#WorkingOutLoud on Types of Power: Individual vs Networked

I want to expand out some of the ideas around different types of power, today looking at the difference between individual and networked power. This is part of the body of work looking at the fragility of formal hierarchies, and aspects of resilience, as well as relating to some of the conversations about amplification and social reputation as part of Social Leadership.

Types of Power - individual versus networked

Individual power is that which an individual can wield directly, what may historically have been viewed a strong social ties within a network, ties that carry influence and are forged upon trust. Individual power may have a second layer of effect out to the loose social ties that sit further out in our network. Ultimately individual power is limited to 1° of separation.

Network power relies on the amplification and social reinforcement of the communities around us. It’s the type of power that can take ideas and make them spread, often not equally through networks, but rather through nodes and amplifiers. Nodes are highly connected individuals within a network who will carry high social capital and high social reputation. Ideas that flow through these high-value nodes are much more likely to be amplified. This amplified effect is the basis of networked power. Martyrs and heroes both convey networked forms of power. Indeed, both also operate individual power, people they can interact with directly, as well as broadcast power out to a wider network with whom they do not interact, but it’s through the amplification and reinforcement of nodes and amplifiers in the network that they gain their networked power.

The Socially Dynamic Organisation - nodes and amplifiers

Network power is inherently resilient: you cannot disrupt it simply by disrupting the network, because the network itself is resilient. Indeed, attempting to disrupt the network may actively reinforce it, because it strengthens ties and adds to authenticity to subversive messaging.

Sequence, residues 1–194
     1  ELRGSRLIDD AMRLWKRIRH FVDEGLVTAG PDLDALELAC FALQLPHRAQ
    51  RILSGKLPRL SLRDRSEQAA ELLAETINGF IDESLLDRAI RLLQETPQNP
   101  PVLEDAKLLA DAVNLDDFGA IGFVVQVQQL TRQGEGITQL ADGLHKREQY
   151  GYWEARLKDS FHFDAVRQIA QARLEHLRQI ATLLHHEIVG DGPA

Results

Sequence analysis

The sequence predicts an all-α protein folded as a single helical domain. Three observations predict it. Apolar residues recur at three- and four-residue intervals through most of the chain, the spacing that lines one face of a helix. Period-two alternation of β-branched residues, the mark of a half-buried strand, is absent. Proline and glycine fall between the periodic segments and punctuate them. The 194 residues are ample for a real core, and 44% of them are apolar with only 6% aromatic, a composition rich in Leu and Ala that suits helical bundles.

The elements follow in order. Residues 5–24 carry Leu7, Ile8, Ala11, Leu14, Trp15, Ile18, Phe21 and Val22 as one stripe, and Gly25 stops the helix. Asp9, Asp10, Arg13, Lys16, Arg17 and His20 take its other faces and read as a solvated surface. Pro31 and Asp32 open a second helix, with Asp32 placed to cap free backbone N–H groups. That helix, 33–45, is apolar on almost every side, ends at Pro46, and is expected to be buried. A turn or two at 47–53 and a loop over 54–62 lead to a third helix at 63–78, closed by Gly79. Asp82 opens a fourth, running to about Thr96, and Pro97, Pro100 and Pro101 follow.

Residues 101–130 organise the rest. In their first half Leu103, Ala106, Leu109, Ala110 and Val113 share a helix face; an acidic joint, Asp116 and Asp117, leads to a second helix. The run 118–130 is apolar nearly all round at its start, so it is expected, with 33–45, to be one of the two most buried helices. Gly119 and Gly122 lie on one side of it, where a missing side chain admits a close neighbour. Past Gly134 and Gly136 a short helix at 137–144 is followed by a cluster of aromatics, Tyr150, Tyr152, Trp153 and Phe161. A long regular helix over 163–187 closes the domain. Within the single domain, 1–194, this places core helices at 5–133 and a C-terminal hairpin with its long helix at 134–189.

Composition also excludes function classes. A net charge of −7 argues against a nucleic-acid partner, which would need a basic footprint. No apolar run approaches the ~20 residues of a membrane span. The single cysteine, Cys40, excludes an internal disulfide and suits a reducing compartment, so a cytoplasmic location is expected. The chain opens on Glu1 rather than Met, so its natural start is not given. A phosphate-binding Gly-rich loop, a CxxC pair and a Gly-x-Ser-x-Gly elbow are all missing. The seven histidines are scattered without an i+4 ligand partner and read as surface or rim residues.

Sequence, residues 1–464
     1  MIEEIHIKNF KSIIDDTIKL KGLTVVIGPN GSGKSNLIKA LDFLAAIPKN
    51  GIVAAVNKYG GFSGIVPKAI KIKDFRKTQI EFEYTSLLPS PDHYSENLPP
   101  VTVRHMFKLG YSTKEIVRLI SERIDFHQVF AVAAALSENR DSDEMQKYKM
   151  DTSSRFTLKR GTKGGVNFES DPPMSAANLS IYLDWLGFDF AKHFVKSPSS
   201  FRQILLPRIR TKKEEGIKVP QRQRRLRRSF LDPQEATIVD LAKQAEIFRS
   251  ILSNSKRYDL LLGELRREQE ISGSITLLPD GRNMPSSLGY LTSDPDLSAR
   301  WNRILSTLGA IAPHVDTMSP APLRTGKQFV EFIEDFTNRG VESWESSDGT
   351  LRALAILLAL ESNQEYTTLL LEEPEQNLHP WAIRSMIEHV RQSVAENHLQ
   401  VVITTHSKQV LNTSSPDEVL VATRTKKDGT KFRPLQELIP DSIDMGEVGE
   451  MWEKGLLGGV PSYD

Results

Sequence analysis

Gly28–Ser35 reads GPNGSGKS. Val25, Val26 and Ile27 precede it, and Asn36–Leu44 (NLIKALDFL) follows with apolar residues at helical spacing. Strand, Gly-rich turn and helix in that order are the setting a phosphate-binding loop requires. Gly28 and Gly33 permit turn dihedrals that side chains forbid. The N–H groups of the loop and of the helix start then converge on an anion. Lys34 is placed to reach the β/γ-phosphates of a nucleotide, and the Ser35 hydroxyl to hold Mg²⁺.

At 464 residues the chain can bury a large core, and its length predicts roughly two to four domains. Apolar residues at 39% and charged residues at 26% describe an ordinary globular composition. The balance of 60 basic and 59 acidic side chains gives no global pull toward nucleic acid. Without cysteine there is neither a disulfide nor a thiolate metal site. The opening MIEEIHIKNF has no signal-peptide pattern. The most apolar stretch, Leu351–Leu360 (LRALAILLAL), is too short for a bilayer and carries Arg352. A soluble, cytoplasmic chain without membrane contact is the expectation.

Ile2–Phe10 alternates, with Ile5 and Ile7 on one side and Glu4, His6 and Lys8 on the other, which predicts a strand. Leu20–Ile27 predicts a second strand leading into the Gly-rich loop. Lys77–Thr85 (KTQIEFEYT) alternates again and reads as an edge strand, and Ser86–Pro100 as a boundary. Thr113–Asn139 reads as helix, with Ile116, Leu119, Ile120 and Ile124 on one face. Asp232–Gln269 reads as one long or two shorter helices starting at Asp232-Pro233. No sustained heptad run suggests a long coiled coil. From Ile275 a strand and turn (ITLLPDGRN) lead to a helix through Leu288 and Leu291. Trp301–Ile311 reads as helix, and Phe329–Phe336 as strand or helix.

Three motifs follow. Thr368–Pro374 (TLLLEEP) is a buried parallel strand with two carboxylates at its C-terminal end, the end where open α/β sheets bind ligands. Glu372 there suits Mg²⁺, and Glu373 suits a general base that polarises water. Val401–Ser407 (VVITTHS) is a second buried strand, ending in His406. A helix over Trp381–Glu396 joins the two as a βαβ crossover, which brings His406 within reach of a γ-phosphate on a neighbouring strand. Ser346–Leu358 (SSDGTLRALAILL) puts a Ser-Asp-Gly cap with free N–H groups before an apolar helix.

Whilst individual power, in the Social Age where technology is democratised, can have a wide reach, network power has a far wider reach due to the amplification effects. Social collaborative technologies may carry the signal, but it’s networked power that prevents it becoming simple noise.

Networked power can also permeate into spaces where individual power would be blocked, a factor of network power particularly relevant when looking at extremism. It doesn’t have to force a way into a gated culture, but rather is piggybacked in through the nodes and high social reputation individuals who are already inside, but you may have some alignment with the core story being shared. Indeed the secrets to disrupting networked power lie not in attacking it, but rather in de-powering it using alternative scripts, deploying alternative networked messages.

Both individual, and hence network power which grows out of it, are based upon high authenticity. It’s another reason why formal messages often fall victim to socially amplified ones: because the socially amplified ones, founded upon individual power, have great authenticity.

I’m still building out detail around these different types of power, and will continue to #WorkOutLoud as i do so.

About julianstodd

Author, Artist, Researcher, and Founder of Sea Salt Learning. My work explores the context of the Social Age and the intersection of formal and social systems.
This entry was posted in Leadership and tagged , , , , , , , , , . Bookmark the permalink.

7 Responses to #WorkingOutLoud on Types of Power: Individual vs Networked

  1. Pingback: The Triangle of Trust: Intention, Action, Impact | Julian Stodd's Learning Blog

  2. Pingback: Trump: Communication in the Social Age | Julian Stodd's Learning Blog

  3. Pingback: Black Swans: Disruption of Power. A #WorkingOutLoud post | Julian Stodd's Learning Blog

  4. Pingback: Resilience: Technology, Community, and Power | Julian Stodd's Learning Blog

  5. Pingback: Tribes, Communities, and Society: a Reflection on Taxonomy | Julian Stodd's Learning Blog

  6. Pingback: Storytelling Session Ideas #WorkingOutLoud | Julian Stodd's Learning Blog

  7. Pingback: 8 Aspects of ‘The Storytelling Leader’ | Julian Stodd's Learning Blog

Leave a Reply

Fill in your details below or click an icon to log in:

WordPress.com Logo

You are commenting using your WordPress.com account. Log Out /  Change )

Twitter picture

You are commenting using your Twitter account. Log Out /  Change )

Facebook photo

You are commenting using your Facebook account. Log Out /  Change )

Connecting to %s

This site uses Akismet to reduce spam. Learn how your comment data is processed.